It may not quite approach the stature of building an ark to withstand an epochal flood, but the box office success of Noah this weekend — which opened with an estimated gross of $44 million — is still something of a remarkable feat. No other overtly Bible-themed feature film has opened anywhere close to that amount since 2004’s The Passion of the Christ, doubly remarkable considering that director Darren Aronofsky’s $125 million adaptation of the Old Testament story faced serious opposition from Christian groups that objected to perceived liberties the film takes with the biblical text. The film pulled in another $51 million overseas, for a total worldwide gross of $95.1 million — a very healthy start for what was nowhere close to a sure thing.
The reason is simple: Short of the phenomenal success of Mel Gibson’s film 10 years ago, and the subsequent adaptations of C.S. Lewis’ Christian-fantasy hybrid book series The Chronicles of Narnia, it has been a very long time since a Christian-themed movie made a lot of money at the box office. For the last 15 years or so, independently financed and distributed Christian films like 1999’s The Omega Code and 2008’s Fireproof have found a relatively healthy audience in limited release, but their grosses have never topped $40 million, even when adjusting for inflation.
That is certainly enough to sustain these films at a certain budget level for a niche audience, but ever since Gibson’s The Passion of the Christ pulled in $370.3 million in the U.S. in 2004, filmmakers have been striving to tap into what seems like a vastly underserved audience. Hollywood’s biggest attempt, 2006’s The Nativity Story, made just $37.6 million, and the efforts of independent producers have usually pulled in just a fraction of that amount. (One exception: Tyler Perry’s one-man industry of crowd-pleasing comedies and dramas made with a clear message rooted in Christian morality.)
The perceived box office ceiling on Christian films, however, could be lifting. God’s Not Dead, about a Christian college student confronted by an atheist professor, opened last weekend with a remarkable $9.2 million in just 780 theaters, and it grossed another $9.1 million after expanding into 398 more theaters this weekend, for $22 million total. At this pace, it could easily clear $50 million as it plays into the Easter holiday weekend, a robust result for any independent film, let alone one explicitly geared toward a Christian audience.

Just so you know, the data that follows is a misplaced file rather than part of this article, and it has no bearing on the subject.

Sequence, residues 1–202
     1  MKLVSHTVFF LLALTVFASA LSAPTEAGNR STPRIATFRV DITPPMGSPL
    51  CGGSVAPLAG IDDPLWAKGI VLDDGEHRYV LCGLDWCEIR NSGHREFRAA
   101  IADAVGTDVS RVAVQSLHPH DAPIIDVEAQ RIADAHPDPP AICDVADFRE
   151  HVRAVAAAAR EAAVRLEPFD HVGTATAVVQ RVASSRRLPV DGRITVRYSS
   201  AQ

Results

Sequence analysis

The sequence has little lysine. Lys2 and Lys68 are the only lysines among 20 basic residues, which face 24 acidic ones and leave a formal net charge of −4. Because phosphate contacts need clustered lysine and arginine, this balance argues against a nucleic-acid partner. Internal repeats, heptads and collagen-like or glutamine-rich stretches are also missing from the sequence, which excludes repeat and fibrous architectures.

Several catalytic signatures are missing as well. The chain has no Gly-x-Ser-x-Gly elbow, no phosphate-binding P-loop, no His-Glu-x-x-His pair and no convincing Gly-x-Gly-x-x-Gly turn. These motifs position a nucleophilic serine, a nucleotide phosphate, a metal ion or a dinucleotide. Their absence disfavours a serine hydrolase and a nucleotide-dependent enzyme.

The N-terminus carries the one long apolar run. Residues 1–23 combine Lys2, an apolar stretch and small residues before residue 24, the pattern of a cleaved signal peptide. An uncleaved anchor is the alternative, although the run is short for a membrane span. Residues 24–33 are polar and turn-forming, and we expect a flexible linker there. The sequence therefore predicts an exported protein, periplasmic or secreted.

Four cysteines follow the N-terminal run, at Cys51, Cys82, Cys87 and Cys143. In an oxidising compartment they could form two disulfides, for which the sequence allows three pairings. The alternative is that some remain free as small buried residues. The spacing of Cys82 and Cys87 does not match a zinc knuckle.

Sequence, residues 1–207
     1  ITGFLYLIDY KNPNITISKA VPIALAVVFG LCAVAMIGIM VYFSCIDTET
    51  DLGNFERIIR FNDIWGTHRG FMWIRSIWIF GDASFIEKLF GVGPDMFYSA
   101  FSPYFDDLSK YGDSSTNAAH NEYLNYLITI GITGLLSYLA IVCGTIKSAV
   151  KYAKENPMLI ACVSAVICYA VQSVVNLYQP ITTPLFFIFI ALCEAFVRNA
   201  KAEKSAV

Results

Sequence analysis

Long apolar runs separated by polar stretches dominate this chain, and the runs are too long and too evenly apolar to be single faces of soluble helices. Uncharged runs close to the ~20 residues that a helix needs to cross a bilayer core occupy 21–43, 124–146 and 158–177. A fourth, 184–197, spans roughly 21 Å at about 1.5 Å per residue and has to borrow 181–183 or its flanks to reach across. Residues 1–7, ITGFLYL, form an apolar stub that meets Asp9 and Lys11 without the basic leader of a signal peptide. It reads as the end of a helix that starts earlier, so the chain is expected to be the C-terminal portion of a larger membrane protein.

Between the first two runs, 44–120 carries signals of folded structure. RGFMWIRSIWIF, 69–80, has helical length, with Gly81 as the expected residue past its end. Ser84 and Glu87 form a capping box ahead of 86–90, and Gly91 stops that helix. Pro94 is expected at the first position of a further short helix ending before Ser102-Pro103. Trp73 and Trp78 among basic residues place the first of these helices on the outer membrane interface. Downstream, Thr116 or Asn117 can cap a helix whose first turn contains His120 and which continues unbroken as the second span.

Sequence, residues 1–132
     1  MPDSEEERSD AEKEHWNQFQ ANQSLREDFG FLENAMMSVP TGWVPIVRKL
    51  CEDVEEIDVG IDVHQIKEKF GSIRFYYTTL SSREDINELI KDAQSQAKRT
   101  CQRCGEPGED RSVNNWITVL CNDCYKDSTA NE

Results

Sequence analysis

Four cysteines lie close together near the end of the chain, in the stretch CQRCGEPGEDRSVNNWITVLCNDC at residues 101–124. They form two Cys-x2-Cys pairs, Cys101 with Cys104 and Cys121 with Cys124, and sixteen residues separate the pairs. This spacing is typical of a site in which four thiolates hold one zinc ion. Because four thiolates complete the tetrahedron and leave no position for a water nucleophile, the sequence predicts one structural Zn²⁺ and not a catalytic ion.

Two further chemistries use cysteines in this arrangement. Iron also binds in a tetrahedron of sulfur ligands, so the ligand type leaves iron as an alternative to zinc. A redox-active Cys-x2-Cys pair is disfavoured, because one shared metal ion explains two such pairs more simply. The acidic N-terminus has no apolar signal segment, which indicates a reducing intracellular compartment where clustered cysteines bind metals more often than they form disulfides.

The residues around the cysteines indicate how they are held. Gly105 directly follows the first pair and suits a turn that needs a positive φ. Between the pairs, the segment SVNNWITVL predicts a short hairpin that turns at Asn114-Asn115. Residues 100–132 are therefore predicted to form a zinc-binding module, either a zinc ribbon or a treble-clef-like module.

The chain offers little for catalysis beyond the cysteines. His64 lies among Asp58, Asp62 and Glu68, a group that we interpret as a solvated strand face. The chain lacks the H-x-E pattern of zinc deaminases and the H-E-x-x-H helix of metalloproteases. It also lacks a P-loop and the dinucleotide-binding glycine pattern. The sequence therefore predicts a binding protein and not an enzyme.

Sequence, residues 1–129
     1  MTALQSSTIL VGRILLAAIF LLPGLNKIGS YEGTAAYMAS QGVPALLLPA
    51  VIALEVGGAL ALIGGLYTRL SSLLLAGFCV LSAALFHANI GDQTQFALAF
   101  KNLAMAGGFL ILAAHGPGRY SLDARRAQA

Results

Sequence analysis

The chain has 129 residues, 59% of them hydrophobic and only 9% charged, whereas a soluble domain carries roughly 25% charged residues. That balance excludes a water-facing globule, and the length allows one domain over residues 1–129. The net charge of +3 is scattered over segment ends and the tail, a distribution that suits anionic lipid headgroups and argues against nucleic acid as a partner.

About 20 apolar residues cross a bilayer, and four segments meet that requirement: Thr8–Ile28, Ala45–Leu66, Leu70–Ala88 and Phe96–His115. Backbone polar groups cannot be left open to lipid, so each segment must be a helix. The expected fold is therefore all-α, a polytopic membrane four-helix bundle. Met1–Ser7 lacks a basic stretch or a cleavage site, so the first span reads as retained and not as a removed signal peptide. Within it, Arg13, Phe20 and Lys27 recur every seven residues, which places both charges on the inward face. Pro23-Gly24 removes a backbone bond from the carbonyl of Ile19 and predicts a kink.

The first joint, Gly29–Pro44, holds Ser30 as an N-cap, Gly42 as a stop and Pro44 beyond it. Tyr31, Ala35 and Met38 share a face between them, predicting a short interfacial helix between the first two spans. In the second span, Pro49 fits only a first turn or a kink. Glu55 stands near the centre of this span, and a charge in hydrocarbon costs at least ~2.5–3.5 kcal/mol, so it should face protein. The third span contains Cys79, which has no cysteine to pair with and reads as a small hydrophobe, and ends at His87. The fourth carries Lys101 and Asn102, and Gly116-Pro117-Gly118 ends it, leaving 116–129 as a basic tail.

Son of God, meanwhile, has pulled in $57.9 million over five weeks — while some have seen this as a disappointment given that the adaptation of the popular TV miniseries The Bible was initially released wide in 3,260 theaters, it is still an impressive figure considering how many ticket buyers likely had already seen at least part of the 10-hour History Channel series last year.
But this spike in interest still pales in comparison to the “golden era” of biblical epics in the 1950s, typified by astronomically popular movies like Cecil B. DeMille’s The Ten Commandments in 1956 and William Wyler’s Ben-Hur in 1959. By the 1960s, however, American moviegoing taste had softened on this kind of film, and they quickly fell out of favor in Hollywood.
The story of Moses leading the Israelites out of Egypt remains the highest grossing Bible-themed film ever — when adjusting for inflation, The Ten Commandments grossed over $1 billion in the U.S. alone. So it is perhaps only fitting that Hollywood’s next attempt at a biblical epic will be tackling this particular story once more: Ridley Scott’s Exodus: Gods and Kings, starring Christian Bale as Moses, is scheduled to open on Dec. 12.
Here are the estimated top 10 box office figures for Friday to Sunday, courtesy of Box Office Mojo:
1. Noah* — $44 million
2. Divergent — $26.5 million
3. Muppets Most Wanted — $11.4 million
4. Mr. Peabody & Sherman — $9.5 million
5. God’s Not Dead — $9.1 million
6. The Grand Budapest Hotel — $8.8 million
7. Sabotage* — $5.3 million
8. Need for Speed — $4.34 million
9. 300: Rise of an Empire — $4.3 million
10. Non-Stop — $4.1 million
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